When seasoned politician Zillur Rahman took oath as the country's new President on February 12, 2009, expectations ran high that he would work to restore the dignity and integrity to the top constitutional post, which was mired in controversy by his predecessor Iajuddin Ahmed. But it did not take long for him to dash such hopes. The culture of abusing the office of President did not allow Zillur Rahman to remain above controversy. Moreover Zillur Rahman could not keep his office, Bangabhban, above political controversy. For instance, on the advice of the prime minister, the President has granted clemency to 21 persons sentenced to death in different cases. In doing so, the honourable President set a bizarre record, as his predecessors in over the past three decades– from1972 to 2008– granted clemency to only four people. Awarding the Presidential clemency to some ruling party men has also appeared as a glaring example of how the government is abusing the extraordinary power.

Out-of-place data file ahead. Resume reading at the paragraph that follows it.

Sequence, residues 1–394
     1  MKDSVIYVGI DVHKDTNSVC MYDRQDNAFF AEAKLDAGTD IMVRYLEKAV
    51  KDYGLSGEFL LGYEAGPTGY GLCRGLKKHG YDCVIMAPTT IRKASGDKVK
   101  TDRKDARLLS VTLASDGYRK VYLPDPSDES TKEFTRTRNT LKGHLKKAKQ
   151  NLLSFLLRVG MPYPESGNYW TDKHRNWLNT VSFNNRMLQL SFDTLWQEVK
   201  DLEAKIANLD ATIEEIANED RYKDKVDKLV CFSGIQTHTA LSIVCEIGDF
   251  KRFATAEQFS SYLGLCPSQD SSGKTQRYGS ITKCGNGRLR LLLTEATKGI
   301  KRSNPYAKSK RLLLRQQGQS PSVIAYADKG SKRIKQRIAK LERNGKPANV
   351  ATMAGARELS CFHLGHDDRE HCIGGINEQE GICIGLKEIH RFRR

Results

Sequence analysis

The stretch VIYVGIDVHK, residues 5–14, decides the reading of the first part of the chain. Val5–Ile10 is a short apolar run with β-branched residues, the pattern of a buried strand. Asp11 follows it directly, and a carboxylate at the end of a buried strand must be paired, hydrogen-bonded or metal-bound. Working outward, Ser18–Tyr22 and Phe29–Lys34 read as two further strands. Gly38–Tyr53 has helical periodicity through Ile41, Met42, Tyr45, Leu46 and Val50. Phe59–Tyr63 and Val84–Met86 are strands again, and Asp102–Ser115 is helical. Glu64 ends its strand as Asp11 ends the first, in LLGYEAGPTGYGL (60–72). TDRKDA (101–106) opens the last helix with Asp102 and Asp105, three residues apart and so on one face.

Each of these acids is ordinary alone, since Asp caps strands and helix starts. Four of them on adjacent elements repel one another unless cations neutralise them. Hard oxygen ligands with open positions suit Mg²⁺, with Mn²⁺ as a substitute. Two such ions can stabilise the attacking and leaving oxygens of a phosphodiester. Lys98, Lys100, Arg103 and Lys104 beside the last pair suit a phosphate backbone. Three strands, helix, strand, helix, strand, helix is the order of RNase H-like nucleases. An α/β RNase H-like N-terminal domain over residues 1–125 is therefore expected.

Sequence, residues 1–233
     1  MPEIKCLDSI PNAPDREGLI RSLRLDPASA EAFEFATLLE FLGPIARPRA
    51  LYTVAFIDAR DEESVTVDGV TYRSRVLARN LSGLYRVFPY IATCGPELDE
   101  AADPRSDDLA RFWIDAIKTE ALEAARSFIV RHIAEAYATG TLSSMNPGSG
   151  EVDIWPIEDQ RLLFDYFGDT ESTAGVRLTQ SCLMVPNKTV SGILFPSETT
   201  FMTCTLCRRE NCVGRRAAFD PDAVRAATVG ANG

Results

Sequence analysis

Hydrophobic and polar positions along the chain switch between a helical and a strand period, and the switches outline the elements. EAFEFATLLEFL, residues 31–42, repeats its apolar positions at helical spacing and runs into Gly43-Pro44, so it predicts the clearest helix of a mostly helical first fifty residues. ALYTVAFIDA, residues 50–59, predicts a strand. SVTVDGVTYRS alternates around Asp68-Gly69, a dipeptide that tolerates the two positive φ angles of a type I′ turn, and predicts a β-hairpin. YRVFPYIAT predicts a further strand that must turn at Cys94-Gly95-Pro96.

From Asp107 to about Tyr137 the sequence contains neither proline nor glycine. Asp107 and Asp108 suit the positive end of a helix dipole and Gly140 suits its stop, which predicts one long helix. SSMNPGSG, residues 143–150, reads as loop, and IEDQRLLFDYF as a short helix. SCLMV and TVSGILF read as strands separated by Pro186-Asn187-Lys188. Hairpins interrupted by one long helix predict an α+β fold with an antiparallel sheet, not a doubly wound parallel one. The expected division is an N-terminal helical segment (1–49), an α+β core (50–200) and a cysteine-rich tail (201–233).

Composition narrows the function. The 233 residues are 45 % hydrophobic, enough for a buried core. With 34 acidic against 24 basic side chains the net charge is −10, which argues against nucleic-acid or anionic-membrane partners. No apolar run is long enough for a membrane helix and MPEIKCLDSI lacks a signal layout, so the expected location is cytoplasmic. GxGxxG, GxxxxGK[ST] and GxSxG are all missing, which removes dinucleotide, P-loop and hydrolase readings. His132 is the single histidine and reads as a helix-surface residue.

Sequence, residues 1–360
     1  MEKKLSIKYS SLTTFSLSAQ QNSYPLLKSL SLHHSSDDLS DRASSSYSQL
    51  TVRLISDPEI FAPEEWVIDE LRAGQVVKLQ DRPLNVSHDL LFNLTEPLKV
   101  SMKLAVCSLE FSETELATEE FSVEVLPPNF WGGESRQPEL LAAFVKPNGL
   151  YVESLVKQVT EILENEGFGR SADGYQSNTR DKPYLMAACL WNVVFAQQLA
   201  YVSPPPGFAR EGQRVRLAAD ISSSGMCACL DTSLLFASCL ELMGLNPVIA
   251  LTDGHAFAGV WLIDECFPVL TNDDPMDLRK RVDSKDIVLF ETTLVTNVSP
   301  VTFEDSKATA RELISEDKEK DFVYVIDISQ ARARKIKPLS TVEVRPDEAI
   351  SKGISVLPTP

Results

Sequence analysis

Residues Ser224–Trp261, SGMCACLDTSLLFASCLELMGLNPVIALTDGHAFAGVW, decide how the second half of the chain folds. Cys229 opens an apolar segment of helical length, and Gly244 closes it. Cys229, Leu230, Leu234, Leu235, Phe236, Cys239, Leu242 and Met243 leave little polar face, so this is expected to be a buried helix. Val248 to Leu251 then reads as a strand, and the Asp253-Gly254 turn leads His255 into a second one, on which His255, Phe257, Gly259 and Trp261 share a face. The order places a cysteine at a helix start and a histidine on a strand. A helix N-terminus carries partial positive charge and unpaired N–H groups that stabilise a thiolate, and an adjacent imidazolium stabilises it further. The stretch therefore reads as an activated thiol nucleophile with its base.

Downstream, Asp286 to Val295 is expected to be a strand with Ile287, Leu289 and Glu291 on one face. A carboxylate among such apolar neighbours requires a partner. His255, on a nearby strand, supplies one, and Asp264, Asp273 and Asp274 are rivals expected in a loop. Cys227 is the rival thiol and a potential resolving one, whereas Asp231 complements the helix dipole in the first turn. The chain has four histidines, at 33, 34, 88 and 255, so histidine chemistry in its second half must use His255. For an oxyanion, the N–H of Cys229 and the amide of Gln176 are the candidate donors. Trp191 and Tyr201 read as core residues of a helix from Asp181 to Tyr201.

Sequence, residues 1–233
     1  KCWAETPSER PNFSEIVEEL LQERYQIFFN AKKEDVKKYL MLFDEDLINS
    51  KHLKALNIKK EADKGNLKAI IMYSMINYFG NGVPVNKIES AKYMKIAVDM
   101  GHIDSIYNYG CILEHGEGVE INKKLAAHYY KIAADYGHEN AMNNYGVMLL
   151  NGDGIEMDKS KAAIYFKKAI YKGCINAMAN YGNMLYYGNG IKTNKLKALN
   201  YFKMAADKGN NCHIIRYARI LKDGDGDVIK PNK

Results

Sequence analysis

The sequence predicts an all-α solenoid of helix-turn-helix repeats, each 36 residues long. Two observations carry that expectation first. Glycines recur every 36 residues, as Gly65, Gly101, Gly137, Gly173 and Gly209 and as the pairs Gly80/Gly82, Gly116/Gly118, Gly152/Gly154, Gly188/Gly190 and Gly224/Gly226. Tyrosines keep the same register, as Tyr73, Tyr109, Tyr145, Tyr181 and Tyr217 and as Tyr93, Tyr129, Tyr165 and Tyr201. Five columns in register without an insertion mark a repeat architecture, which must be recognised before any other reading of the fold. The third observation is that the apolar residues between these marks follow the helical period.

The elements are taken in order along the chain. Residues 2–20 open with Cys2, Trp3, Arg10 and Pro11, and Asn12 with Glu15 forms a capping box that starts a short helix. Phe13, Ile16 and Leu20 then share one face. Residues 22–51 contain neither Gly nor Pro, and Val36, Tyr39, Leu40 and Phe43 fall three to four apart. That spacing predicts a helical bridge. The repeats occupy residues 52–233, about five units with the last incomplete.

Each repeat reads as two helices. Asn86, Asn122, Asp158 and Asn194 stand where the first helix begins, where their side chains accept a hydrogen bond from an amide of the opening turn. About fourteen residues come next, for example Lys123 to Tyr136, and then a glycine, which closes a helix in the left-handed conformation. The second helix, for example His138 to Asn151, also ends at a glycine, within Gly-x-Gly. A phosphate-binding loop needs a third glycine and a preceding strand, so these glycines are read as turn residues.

The office of the President is a ceremonial one and many people believe that the President has noting to do without being advised by the Prime Minister. In a sense it is partially true since in exercise of all functions assigned to him by the constitution or any law, the president is required to act on the advice of the prime minister except that he shall act at his own discretion in matters of appointment of the Prime Minister and the Chief justice.
The President, if he wants, may play a significant role for the betterment of the country and to strengthen the democratic process. Constitutional experts believe that a man of high stature, integrity and experience in holding the office of the president can exert great influence on the executive by way of advice and counseling. The president can also play a great role in building a bridge between the government and the opposition to strengthen the parliamentary democracy.
Unfortunately the President's latest address in parliament will in no way bridge the gap between the government and the opposition, rather his diatribe may widen it further.
The writer is Senior Reporter, The Daily Star.